Videomakers will be paid for the videos that are selected by the newsroom and published on the website. Amongst the early reactions to the launch there was a debate about a note appeared in the terms and conditions which mentioned the minimum pay for video of 5€: critics argued that Reporter might be a way to obtain journalistic contribution without compensating journalists appropriately. Staglianò and an update on the Repubblica page clarified that pay rates have not yet been decided.

Sources: Reporter, Repubblica, original interview, Il Fatto Quotidiano   

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Federica Cherubini

Date

2012-04-12 18:49

Which publications are read where? A collaboration between Forbes and Bitly analysed millions of clicks on Bitly shortened links shared on the Web to explore which news sources are read where across the US.

Bitly is a website which shortens URLs, making it easier to share them on the Web. It is widely used on Twitter for example, where saving space is crucial to get the most out of 140 characters. Bitly provides also tools to track links: by adding a + at the end of a link, it’s possible to see how many times the link was clicked on, Bitly explains.

The data collected for Forbes have been aggregated to form an interactive map showing America’s most influential news outlets.

As Forbes’ Jon Bruner explains, Bitly’s dataset consists of every click on every Bitly link on the Web mainly shared on social networks like Facebook or Twitter. For Forbes – Bitly said – they investigated how people consume news by looking at how people in different states differ in their preference for news sites.

The map uses different colours to display the dominant news source in each state. Clicking on the source allows users to see a heat map that shows where its links are particularly popular and then by clicking on a headline it is possible to see the article stats showing where in particular that story did well, the article explains.

Some results are quite obvious, like the Los Angeles Times being dominant in California and the Chicago Tribune in Illinois. The data although pointed out also that, while some national news publishers are widely read across the country, like the New York Times, others such as the Washington Post are confined in a more restricted diffusion despite national aspirations.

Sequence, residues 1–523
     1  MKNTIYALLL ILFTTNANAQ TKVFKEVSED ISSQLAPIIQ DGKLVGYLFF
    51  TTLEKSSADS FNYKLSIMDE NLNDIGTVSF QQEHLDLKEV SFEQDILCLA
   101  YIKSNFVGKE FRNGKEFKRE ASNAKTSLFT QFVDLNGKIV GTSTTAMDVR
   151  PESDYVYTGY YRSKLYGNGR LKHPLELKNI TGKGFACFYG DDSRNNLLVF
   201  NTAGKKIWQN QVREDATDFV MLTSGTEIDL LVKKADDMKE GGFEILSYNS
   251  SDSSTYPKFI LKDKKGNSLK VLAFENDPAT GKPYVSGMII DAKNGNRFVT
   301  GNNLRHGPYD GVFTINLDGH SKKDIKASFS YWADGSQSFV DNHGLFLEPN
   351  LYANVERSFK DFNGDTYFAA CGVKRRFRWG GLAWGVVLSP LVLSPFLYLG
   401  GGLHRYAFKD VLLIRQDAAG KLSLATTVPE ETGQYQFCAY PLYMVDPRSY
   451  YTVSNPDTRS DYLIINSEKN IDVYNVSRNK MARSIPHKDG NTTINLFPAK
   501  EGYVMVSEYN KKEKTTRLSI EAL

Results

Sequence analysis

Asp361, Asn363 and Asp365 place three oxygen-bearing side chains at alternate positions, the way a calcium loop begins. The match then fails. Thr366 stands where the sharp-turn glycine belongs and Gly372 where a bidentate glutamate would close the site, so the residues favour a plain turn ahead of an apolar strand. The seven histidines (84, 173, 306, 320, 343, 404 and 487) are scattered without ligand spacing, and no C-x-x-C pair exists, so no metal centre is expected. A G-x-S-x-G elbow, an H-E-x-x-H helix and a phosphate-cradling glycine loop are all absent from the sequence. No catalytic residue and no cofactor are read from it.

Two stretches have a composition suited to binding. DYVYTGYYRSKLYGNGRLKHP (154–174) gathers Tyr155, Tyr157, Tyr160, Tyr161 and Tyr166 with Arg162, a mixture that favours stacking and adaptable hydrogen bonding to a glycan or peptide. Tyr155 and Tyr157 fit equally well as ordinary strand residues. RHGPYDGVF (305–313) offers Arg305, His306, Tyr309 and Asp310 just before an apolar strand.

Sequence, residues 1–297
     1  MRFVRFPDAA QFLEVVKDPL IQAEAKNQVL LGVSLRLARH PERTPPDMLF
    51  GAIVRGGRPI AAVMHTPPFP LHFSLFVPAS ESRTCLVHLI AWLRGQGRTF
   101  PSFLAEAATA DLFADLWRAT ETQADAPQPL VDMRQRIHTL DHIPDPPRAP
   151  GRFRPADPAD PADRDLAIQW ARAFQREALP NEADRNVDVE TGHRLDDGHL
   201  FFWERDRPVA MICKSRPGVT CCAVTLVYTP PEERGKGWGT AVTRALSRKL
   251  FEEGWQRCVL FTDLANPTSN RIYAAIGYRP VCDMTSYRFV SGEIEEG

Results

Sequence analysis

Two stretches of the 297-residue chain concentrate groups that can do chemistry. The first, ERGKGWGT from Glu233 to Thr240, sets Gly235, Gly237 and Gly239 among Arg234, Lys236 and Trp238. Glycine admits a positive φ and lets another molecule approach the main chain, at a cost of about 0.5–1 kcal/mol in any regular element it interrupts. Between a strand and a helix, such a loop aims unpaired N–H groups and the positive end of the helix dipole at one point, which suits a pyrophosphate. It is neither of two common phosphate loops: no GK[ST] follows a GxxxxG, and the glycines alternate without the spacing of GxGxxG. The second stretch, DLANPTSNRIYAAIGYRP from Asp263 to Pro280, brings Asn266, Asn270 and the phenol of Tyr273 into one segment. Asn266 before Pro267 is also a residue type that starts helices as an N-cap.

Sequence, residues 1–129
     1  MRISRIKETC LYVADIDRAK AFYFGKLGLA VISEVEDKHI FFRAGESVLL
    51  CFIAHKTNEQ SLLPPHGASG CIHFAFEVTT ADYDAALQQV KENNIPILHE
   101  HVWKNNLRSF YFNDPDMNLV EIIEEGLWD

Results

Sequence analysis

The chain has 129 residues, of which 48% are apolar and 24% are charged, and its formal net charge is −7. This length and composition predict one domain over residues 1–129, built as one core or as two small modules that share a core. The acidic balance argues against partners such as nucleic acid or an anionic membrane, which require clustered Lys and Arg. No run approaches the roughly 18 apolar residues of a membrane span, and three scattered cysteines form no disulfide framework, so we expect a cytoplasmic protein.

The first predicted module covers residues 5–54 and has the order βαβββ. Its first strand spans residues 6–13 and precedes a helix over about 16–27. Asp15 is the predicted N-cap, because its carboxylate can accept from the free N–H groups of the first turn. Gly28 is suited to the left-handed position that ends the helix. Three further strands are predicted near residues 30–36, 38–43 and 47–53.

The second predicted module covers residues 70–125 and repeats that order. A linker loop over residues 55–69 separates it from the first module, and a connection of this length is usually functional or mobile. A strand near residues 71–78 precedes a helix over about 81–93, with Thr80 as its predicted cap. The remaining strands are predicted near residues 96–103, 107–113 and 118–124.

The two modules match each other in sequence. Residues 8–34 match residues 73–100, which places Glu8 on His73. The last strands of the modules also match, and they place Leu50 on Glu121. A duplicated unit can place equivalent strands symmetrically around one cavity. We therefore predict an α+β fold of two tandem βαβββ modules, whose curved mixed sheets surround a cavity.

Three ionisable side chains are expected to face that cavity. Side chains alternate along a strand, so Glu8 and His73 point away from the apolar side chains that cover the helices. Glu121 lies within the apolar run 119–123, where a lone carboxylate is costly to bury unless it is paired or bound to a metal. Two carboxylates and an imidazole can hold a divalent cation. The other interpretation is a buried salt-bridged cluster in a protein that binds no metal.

The map is intended to be a regular feature on Forbes: an updating will be published at the beginning of each month, the magazine announced.

Sources: Forbes (1), (2), Bitly

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Federica Cherubini

Date

2012-03-28 16:54

Do you want to improve your Twitter skiils? The USA Today College put together a list of nine Twitter "experts" who have their fingers on the pulse of modern journalism.

The American press is "complacent," "self-regarding" and "too up themselves" says Daily Mail editor Paul Dacre in an interview he gave to New Yorker's Lauren Collins, the Guardian reported. Read the whole interview on the New Yorker here.

Google announced its collaboration with the Nelson Mandela Centre of Memory with the aim of helping "to preserve and digitize thousands of archival documents, photographs and videos about Nelson Mandela".

The Poynter Institute and the European Journalism Centre are collaborating on an new e-learning course on “Reporting & Writing About Development in the World” for 40 journalism students from the Czech Republic, Hungary, Poland and Slovakia, EJC announced.

For more industry news, please see WAN-IFRA's Executive News Service.

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Federica Cherubini

Date

2012-03-27 18:03